What is a Grain-Free Groupie?

A Grain-Free Groupie (GFG) is someone who eliminated grains from their diet for health and/or weight management issues.  Going GFG doesn't mean you are Paleo and doesn't mean you are a weirdo, hippie, liberal nutjob, or anything else.  It means you have decided to take control of your nutrition (I prefer nutrition to diet) and incorporate clean, whole, unrefined and minimally processed foods.  As in real food.  Not chemically derived edible product, passed off as food.  I have been grain-free since the summer of 2011, then went primal in 2012, and finally paleo in 2013.  Being grain-free and paleo helps maintain low blood sugar and as a Type 1 LADA diabetic has kept me off insulin thus far, and is helping combat several auto-immune disorders.  Will it solve every single problem in your life and heal a lifetime of standard diet eating habits and related ailments?  Maybe not.  You may need a more stringent nutritional plan targeted to eliminating candida or combating autoimmune issues and other sensitivities.  But we all need a starting point.  Grain (and thereby gluten)free was mine.

But seriously, what is a GFG?  Here is some info from Grain Free Living.

List of Grain and Grain-Free Foods

Written by Grain Free Living
What is a grain?A useful list of what is a grain, and what is NOT a grain.
Foods that are grains, or are made from grains are:
  • Wheat
  • Rye
  • Barley, including barley malt
  • Bran
  • Bulgur
  • Couscous
  • Farina
  • Kamut
  • Orzo
  • Semolina
  • Sorghum (gluten free)
  • Spelt
  • Corn (gluten free)
  • Cornflour (gluten free unless the wheaten cornflour)
  • Cornmeal (gluten free)
  • Rice (gluten free)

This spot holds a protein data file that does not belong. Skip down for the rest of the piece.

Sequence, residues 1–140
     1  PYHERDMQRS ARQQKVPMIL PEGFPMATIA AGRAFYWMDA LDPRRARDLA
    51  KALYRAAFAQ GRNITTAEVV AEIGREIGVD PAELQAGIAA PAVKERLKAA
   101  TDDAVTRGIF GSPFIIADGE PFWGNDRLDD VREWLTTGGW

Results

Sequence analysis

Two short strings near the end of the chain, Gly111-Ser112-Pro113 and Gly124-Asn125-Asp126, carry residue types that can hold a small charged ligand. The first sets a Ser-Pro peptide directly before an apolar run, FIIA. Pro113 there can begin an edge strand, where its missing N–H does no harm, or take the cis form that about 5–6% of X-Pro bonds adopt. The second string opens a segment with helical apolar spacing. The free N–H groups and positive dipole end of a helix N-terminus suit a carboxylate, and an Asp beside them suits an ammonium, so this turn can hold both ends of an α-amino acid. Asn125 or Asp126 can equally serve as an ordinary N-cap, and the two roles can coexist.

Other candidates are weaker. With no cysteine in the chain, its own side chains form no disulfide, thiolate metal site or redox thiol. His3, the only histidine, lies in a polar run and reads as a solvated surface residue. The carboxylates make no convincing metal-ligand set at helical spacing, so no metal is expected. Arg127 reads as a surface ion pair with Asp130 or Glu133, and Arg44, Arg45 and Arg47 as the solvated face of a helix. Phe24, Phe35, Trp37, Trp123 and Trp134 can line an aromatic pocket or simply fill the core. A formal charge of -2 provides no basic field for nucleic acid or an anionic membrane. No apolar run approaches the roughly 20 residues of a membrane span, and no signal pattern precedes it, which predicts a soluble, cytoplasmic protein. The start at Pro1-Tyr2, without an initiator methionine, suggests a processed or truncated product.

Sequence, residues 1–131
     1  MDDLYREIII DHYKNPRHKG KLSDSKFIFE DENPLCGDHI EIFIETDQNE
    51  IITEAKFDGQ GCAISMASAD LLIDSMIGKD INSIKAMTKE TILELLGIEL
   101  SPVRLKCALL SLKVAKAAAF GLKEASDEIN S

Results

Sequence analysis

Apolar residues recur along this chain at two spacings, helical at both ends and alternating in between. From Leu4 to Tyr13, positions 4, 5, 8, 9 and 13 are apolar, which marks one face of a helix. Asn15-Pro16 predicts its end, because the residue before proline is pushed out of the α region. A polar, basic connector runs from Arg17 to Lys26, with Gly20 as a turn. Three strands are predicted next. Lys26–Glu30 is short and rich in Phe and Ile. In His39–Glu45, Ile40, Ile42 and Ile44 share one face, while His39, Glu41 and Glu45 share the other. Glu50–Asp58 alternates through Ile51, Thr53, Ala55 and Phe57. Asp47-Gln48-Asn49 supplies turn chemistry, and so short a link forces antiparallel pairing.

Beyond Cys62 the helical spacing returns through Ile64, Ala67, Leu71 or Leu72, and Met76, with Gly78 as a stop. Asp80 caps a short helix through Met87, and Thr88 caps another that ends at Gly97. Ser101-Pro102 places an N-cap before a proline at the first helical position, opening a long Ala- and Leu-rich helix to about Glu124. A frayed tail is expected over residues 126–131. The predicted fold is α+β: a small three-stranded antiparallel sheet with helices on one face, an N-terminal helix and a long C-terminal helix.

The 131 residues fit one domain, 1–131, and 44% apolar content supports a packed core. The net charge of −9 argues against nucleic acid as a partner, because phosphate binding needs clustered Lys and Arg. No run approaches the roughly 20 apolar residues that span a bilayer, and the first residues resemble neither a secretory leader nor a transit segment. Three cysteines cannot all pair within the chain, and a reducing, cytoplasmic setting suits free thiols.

• Wild Rice (although not related to rice it is still of the Poaceae family of cereal grasses, so technically, still a grain)
  • Oats
  • Millet (gluten free)
  • Beer (yes, beer!)
  • Glucose made from wheat
  • Teff (gluten free)
  • Montina flour
  • Graham flour (wheat)
  • Commercially made stock: like chicken, beef or vegetable stock in either powder or liquid usually contains some kind of grain.
  • (this list is incomplete)
So any thing made from these products would also have grains - like cakes, biscuits, pizzas, bread, pasta, breadcrumbs, spaghetti etc

Foods that are grain free, even though they are often used as a flour or look a bit like a grain are:
  • Almond
  • Amaranth
  • Arrowroot
  • Buckwheat also called Kasha
  • Cassava
  • Chickpeas (made into flour)
  • Coconut (used in flours)
  • Cottonseed
  • Dal
  • Fava bean
  • Flaxseed
  • Gram flour (chickpea)
  • Lentils
  • Manioc
  • Potato Starch/Flour
  • Quinoa
  • Sago
  • Sesame
  • Taro flour
  • Soy
  • Tapioca
  • Glucose made from tapioca
  • Plantain flour (can get at African grocers)
  • Yam (iyan) flour (can get at African grocers)
  • Mesquite flour
So any thing made from these products would be grain-free - like any of the recipes on www.grainfreeliving.com.  Grain free foods are also automatically gluten free.
Dairy products, or anything from an animal like milk, cheese, butter or meat do not contain grains.
All fruits and vegetables are not grains, (except for corn, which is a grain).